Any bodybuilders out there do full body workouts, all i see is splits
- 05-27-2009, 10:46 PM
Any bodybuilders out there do full body workouts, all i see is splits
Does anyone have pics of old or new bodybuilders who did/do full body workouts. Every where you look "beginner full body" and the split is considered advanced. Why does a full body workout have to be beginner, I feel like when I do split I lose strength. I go hard three days a week lifting good weight on a full body except i vary my rep scheme on each of those three days from low, med, to high and of course the weight to go along with each rep scheme.
Is it that difficult to look good aesthetically on a full body workout. I love doing compound movements and then just finish of with some light isolation at the end.
- 05-27-2009, 10:48 PM
- 05-27-2009, 10:58 PM
full body workouts are great for functional strength and to build a foundation. full body isn't going to give you lats, or calves, etc. that's why we move on to "splits"
you can look aesthetically good doing total body workouts, but you'll never have a huge bicep peak.
05-28-2009, 07:24 AM
They're also good for burning more calories overall per workout if you keep the rest times short and the volume high (typically the 'bigger' movements are used e.g. squats, deadlifts, cleans, pullups, dips, etc.).
Therefore they are really useful during phases of training when muscle growth is likely to be minimal but fat loss is a priority (cutting), but probably inefficient when it comes to specifically targetting muscle groups.
05-28-2009, 08:27 AM
If you want to check out a good workout for strenght and hypertrophy, that is not a "bodybuilding split" check out "dual factor training" by Matt Reynolds. Just google it.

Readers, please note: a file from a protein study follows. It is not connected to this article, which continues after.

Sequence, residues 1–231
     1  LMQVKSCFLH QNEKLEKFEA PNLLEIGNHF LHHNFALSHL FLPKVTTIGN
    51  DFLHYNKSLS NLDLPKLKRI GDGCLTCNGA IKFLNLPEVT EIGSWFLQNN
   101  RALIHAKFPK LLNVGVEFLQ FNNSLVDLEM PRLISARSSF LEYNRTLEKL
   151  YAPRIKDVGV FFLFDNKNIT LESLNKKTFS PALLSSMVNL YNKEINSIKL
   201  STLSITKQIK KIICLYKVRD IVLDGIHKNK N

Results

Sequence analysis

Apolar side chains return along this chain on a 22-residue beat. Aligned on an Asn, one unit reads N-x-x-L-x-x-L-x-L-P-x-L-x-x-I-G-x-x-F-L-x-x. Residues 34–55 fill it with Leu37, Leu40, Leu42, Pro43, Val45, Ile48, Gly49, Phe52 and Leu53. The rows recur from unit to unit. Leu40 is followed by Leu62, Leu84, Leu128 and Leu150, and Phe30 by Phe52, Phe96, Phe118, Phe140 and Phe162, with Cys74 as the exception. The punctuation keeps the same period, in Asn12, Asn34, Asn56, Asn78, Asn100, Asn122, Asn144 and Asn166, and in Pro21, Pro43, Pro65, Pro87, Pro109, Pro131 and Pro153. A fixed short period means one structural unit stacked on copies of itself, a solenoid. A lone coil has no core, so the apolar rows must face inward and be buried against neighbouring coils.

05-28-2009, 09:00 AM
I have been lifting for about 5 years now, i moved FROM a split to a full body work out. I get great results from this personally. Not as much in size gains (Still some) but strength, speed, and stamina. 2 days on 1 off whole body is what I do an EXAMPLE:
Bent over rows
(2 biceps workouts)
(1 triceps workout)
end push ups and crunches
Power clean and press
Good mornings (or deads)
Shoulder supersets exercise
Lat pull downs
Wide cable rows (more for rear shoulders)
(2 triceps workouts)
(1 Biceps workouts)
*cavs every day (cardio in mornings on their own schedule)
*if there is a muscle you want to focus more on, move its exercise to #1 for the day.
i use this in rugby season or just when ever, i bulk with it, cut with it. as for reps i try a 6 of 6 range. or 6 sets of pyramid reps. (8,5,2,1,3,10-15)
05-28-2009, 09:15 AM
05-28-2009, 09:51 AM
05-28-2009, 10:16 AM
Like Arms on a split of biceps most people have around 4 exercercises with 3-4 sets. So thats 12-16 sets for biceps alone on a full body workout you just can get 16 sets in per body part. I know I couldn't do my regular 16-20 sets for chest than try to work legs I think that's why most people go to a split
05-28-2009, 10:27 AM
05-28-2009, 10:38 AM
some people can get biceps from pullups, some people can get lats from pullups. most of us need a bit more stimulation to the target muscle than one exercise - 2-3 exercises to hit the muscle from another angle, etc.
now if you're starting out you'll gain muscle all over doing total body. if you're an advanced lifter though, not so much.
splits are used to target multiple muscle heads of target muscles that total body misses, like rear triceps.